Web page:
Treatment for metastatic breast cancer - what this means for you

12 Oct 2021

We look at a summary of treatments to discuss with your care team. 

If you’ve been given a diagnosis of metastatic breast cancer you may also hear the term ‘stage 4 breast cancer’. These two terms are the same and refer to breast cancer which has spread beyond the part of the body where it started (usually the breast). 

When treating metastatic breast cancer, your team is aiming to control the growth and spread of the cancer. This includes treatments to help relieve symptoms, pain and improve or maintain your quality of life. 

This can be a confusing time, so we have summarised the most common treatments below for your reference and to discuss with your multidisciplinary team. There may be some medications that aren’t readily available on the PBS but have shown efficacy in other clinical trials and it’s always worth asking and exploring these options with your treating team. 

When considering which treatment is best for you your team will consider various details to help determine your care journey. This details include:

  • Where in the body the breast cancer has spread to
  • The level of hormone receptors in the tumour (if present)
  • Gene mutations within the tumour
  • Previous treatment you may have received for your breast cancer (if any)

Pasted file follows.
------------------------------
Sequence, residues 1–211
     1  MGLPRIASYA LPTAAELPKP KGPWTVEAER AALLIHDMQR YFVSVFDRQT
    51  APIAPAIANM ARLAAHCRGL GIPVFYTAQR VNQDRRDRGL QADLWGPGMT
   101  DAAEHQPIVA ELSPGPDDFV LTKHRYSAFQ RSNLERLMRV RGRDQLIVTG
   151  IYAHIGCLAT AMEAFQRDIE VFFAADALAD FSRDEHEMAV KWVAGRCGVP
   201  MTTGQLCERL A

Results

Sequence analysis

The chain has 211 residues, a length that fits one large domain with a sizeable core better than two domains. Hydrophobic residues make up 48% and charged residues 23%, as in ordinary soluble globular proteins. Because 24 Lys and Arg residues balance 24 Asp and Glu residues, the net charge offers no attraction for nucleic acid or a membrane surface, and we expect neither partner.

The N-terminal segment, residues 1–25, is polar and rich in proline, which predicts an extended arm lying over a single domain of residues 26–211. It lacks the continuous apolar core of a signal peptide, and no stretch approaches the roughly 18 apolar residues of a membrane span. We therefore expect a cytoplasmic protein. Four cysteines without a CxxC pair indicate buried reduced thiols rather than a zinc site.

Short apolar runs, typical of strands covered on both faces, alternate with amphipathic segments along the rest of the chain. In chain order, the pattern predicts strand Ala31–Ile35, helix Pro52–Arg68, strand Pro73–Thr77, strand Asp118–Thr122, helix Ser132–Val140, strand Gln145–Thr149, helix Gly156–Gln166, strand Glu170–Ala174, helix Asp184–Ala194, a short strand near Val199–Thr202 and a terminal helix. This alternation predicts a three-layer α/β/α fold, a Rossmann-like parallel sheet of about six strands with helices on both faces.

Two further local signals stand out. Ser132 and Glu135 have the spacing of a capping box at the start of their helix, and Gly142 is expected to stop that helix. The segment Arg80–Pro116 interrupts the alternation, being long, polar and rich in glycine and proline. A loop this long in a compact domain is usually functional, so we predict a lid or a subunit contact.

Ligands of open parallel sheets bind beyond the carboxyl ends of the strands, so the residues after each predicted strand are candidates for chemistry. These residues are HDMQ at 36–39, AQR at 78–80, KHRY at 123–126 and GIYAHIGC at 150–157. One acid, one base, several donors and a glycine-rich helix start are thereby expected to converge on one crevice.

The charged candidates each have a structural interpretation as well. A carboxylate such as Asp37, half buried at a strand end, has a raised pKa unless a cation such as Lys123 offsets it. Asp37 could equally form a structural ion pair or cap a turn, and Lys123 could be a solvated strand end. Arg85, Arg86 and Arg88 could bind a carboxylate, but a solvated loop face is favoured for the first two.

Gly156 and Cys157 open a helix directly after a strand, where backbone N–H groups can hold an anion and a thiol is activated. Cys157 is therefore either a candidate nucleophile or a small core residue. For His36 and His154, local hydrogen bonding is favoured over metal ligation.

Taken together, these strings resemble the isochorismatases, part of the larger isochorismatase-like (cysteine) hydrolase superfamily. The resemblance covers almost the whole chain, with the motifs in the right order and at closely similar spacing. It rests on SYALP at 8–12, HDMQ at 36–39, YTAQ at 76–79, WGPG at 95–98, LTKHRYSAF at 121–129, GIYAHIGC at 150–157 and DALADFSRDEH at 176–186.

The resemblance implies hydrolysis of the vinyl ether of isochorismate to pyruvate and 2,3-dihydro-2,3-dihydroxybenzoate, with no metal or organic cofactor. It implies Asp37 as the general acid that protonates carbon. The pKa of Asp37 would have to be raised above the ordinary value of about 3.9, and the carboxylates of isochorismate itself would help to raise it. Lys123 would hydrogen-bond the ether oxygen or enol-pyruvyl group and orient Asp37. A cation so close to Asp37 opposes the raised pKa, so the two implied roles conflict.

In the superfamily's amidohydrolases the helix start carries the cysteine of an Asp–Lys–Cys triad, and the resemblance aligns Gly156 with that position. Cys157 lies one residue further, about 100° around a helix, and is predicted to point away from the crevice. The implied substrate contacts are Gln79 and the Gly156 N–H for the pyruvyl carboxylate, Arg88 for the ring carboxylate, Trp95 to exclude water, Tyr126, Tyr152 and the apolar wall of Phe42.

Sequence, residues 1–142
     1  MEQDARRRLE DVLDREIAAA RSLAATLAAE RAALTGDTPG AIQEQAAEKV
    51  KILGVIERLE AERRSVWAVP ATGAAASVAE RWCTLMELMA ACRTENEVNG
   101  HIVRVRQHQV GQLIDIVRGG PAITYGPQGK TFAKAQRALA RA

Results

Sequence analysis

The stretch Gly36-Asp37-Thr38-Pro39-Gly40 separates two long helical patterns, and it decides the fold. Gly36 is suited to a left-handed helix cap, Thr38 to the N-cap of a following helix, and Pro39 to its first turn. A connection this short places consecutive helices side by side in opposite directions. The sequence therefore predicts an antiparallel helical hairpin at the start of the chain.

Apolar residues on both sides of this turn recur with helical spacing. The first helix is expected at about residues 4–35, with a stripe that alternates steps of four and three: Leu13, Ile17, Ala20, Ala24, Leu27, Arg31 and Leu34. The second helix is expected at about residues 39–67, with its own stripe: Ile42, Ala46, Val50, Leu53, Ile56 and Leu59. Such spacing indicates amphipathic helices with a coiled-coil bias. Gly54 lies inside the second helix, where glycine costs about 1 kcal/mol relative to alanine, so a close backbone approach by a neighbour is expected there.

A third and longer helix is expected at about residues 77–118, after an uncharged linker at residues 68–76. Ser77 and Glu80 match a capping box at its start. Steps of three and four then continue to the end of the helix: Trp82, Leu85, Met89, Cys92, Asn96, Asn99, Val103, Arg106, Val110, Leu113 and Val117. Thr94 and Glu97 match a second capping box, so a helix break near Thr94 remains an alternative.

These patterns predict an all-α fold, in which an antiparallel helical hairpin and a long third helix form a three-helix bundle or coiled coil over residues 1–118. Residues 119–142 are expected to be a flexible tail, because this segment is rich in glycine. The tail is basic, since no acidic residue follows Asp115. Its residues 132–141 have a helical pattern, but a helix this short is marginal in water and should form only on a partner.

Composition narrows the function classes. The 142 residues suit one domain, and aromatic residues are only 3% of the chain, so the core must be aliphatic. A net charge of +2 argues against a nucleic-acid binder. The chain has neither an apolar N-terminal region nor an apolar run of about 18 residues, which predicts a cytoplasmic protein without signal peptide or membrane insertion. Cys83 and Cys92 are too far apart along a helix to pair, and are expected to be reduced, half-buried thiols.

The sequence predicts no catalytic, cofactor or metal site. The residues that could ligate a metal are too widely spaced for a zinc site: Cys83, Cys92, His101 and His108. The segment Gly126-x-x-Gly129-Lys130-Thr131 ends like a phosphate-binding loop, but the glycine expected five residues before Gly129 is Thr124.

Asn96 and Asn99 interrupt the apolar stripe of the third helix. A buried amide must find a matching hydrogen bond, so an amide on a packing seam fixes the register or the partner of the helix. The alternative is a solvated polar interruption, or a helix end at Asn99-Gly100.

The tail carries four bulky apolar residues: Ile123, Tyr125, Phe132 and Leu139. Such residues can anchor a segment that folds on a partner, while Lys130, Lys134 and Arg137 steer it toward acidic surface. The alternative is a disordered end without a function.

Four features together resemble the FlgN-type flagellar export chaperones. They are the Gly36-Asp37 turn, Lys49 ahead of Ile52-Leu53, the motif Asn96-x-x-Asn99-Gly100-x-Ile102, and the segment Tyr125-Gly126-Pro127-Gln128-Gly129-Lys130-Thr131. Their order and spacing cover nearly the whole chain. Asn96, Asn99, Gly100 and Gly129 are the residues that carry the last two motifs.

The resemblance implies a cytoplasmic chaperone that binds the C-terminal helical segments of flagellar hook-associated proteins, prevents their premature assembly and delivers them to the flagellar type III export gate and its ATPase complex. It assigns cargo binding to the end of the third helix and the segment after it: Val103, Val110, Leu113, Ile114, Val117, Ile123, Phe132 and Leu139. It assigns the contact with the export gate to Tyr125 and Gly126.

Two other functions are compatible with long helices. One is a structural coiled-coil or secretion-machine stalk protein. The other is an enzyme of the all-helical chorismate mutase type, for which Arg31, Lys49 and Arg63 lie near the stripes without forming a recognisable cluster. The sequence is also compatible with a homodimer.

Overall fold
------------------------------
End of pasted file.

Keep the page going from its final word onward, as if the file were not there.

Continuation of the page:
• Overall health and other health problems
  • Medications you’re currently taking.

Therapies that use medication to destroy are called systemic therapy. The medication is injected into the bloodstream via an intravenous (IV) tube placed in a vein using a needle, or by a pill or capsule, in order to reach the cancer cells. Treatment is administered by your oncologist. 

If your doctor or care team suggests systemic therapy for your treatment plan, this may include hormonal therapy, chemotherapy, targeted therapy and immunotherapy, or a combination of these. Your initial treatment is called first-line treatment; your second line treatment is when a combination of drugs are given, or could include surgery and/or radiation therapy.

Remember: everybody is different; every person who is diagnosed with cancer will have a different treatment plan. 


Types of treatment you may be offered

Hormonal therapy: 

This form of treatment is typically used as the first line of treatment for women with hormone positive metastatic breast cancer. It can be used on its own, or alongside other forms of treatment. Hormone therapy is used to treat women who have hormone receptors on their breast cancer cells – this means the cancer cells are affected by female hormones. It’s estimated that two-thirds of breast cancers are hormone receptor positive. This type of breast cancer needs the female hormones oestrogen and/or progesterone in order to grow and reproduce. 

How treatment works: Hormone therapy stops oestrogen from feeding the breast cancer and reduces the risk of cancer spreading through the body.